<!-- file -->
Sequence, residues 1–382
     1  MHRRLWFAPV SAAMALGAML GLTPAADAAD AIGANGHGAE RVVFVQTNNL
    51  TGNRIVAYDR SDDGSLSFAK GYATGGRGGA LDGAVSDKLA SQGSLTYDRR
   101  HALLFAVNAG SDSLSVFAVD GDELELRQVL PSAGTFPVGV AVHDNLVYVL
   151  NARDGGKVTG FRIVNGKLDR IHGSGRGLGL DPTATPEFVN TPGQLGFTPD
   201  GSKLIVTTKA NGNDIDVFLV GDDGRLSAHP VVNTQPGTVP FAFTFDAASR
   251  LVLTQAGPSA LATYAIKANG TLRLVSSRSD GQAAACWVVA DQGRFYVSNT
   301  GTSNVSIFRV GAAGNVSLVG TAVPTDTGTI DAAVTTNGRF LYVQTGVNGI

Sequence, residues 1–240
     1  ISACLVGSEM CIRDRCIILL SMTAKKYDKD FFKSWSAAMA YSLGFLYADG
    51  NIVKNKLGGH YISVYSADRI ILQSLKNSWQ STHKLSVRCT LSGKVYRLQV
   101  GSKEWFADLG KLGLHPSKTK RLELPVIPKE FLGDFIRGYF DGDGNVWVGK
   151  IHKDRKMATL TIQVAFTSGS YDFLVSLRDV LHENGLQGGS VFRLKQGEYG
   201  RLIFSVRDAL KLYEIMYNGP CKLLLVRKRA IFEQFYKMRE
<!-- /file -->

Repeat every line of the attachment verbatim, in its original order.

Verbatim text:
Sequence, residues 1–382
     1  MHRRLWFAPV SAAMALGAML GLTPAADAAD AIGANGHGAE RVVFVQTNNL
    51  TGNRIVAYDR SDDGSLSFAK GYATGGRGGA LDGAVSDKLA SQGSLTYDRR
   101  HALLFAVNAG SDSLSVFAVD GDELELRQVL PSAGTFPVGV AVHDNLVYVL
   151  NARDGGKVTG FRIVNGKLDR IHGSGRGLGL DPTATPEFVN TPGQLGFTPD
   201  GSKLIVTTKA NGNDIDVFLV GDDGRLSAHP VVNTQPGTVP FAFTFDAASR
   251  LVLTQAGPSA LATYAIKANG TLRLVSSRSD GQAAACWVVA DQGRFYVSNT
   301  GTSNVSIFRV GAAGNVSLVG TAVPTDTGTI DAAVTTNGRF LYVQTGVNGI

Sequence, residues 1–240
     1  ISACLVGSEM CIRDRCIILL SMTAKKYDKD FFKSWSAAMA YSLGFLYADG
    51  NIVKNKLGGH YISVYSADRI ILQSLKNSWQ STHKLSVRCT LSGKVYRLQV
   101  GSKEWFADLG KLGLHPSKTK RLELPVIPKE FLGDFIRGYF DGDGNVWVGK
   151  IHKDRKMATL TIQVAFTSGS YDFLVSLRDV LHENGLQGGS VFRLKQGEYG
   201  RLIFSVRDAL KLYEIMYNGP CKLLLVRKRA IFEQFYKMRE